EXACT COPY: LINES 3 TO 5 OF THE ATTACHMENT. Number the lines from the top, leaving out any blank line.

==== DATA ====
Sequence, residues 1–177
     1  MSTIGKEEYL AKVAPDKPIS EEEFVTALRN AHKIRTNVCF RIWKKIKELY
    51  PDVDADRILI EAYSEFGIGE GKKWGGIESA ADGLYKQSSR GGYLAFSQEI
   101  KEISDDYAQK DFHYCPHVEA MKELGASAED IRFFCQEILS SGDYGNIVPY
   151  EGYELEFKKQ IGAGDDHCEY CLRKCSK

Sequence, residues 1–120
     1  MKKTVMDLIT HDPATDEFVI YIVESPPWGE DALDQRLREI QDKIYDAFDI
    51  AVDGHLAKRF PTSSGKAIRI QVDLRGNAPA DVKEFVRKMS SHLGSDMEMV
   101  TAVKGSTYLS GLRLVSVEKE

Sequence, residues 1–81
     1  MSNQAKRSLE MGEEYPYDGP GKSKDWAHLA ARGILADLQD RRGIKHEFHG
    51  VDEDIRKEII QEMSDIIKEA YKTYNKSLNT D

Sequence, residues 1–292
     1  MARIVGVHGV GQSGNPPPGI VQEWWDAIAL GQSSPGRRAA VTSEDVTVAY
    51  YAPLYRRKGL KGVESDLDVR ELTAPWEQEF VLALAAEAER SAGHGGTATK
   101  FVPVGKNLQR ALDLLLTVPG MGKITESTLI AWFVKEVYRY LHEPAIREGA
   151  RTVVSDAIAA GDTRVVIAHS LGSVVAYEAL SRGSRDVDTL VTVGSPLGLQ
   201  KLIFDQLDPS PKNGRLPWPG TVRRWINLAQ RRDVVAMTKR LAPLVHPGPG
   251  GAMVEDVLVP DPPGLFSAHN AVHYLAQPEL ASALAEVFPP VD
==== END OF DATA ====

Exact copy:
    51  PDVDADRILI EAYSEFGIGE GKKWGGIESA ADGLYKQSSR GGYLAFSQEI
   101  KEISDDYAQK DFHYCPHVEA MKELGASAED IRFFCQEILS SGDYGNIVPY
   151  EGYELEFKKQ IGAGDDHCEY CLRKCSK